Insulin Mouth Spray Works Fast, Study Shows
Insulin Product Sprayed Inside Cheek, Still Awaits Approval
June 16, 2005 -- An insulin mouth spray works faster and seems to be just as effective as insulin injections, a new study shows.
The insulin mouth spray is a product called Oral-lyn from Generex Biotechnology in Toronto. A small Generex-funded study in Israel indicates that Oral-lyn might make life easier for some people with type 1 and type 2 diabetes that need insulin.
The study shows that the insulin mouth spray works faster than insulin injections, says Gerald Bernstein, MD, Generex vice president for medical affairs. Bernstein is a past president of the American Diabetes Association.
"The beauty of it is, it can be taken just before you eat and just after you eat," Bernstein tells WebMD. "This is a very fast insulin. It is regular insulin, which ordinarily is slow, but when sprayed into the mouth, it gets into the bloodstream very quickly."
Oral Insulin Spray Mimics Normal Insulin
When a healthy person eats a meal, blood sugar levels go above normal. This triggers the release of a hormone -- insulin -- which brings blood sugar levels back down again. This crucial mechanism is missing in people with type 1 diabetes and doesn't work well in people with type 2 diabetes.
Self-administered insulin injections offer control over spiking blood sugar. But it's tricky. The insulin injection has to be taken ahead of mealtime. And because insulin levels don't go down as soon as blood sugar is under control, a person may have to snack to avoid a blood-sugar crash.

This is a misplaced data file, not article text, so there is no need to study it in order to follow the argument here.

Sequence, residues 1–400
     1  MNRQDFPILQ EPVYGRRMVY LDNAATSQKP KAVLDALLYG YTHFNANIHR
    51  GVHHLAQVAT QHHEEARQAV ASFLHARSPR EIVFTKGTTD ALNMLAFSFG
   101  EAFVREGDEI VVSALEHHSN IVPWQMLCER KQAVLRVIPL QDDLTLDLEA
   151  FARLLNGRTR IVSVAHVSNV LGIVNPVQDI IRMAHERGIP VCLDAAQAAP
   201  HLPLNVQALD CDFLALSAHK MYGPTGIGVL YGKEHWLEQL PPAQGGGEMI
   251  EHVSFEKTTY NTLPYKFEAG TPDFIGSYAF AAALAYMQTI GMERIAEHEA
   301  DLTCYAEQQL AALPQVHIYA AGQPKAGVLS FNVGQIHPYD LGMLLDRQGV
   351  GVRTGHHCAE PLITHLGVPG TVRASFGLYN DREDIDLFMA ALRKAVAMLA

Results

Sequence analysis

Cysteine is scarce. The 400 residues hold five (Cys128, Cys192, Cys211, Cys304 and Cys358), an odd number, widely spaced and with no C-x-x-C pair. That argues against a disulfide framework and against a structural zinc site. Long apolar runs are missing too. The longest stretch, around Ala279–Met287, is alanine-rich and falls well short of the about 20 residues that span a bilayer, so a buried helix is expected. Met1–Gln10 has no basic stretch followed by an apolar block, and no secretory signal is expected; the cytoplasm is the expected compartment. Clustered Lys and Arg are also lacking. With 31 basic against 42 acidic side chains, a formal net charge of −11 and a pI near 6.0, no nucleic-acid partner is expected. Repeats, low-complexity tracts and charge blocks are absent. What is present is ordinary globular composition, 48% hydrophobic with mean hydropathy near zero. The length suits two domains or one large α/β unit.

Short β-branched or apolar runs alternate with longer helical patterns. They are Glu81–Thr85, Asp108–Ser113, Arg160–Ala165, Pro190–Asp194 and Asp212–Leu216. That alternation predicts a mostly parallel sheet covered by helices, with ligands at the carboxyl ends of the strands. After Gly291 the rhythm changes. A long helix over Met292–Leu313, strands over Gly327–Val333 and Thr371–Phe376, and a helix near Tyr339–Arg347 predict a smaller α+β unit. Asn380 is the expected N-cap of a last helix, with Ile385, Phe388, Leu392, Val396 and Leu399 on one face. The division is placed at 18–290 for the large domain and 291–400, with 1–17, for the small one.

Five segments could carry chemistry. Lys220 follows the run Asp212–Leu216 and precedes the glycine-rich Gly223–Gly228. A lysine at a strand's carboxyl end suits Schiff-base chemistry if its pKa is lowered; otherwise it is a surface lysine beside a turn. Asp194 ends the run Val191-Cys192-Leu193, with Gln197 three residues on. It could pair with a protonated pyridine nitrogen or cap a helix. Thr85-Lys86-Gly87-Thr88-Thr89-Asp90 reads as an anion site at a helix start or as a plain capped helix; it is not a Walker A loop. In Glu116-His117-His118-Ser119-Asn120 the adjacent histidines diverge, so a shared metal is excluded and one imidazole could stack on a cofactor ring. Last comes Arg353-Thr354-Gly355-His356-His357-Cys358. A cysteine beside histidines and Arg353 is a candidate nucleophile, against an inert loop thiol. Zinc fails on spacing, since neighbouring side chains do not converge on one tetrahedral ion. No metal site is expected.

And there's another issue. Many people, especially children with type 1 diabetes, dread having to take frequent insulin shots.
What's on the Horizon
That's why Generex -- and many other drug companies -- are working on different ways to deliver insulin. Other companies are developing inhaled insulin products, insulin skin patches, and even forms of insulin that can be swallowed.
The Oral-lyn study, by Simona Cernea, MD, and colleagues at Hadassah Hebrew University Hospital, in Jerusalem, looked at seven healthy volunteers. At different times, the volunteers took various doses of Oral-lyn ranging from five to 20 puffs or a placebo spray. They also received one injection of regular insulin.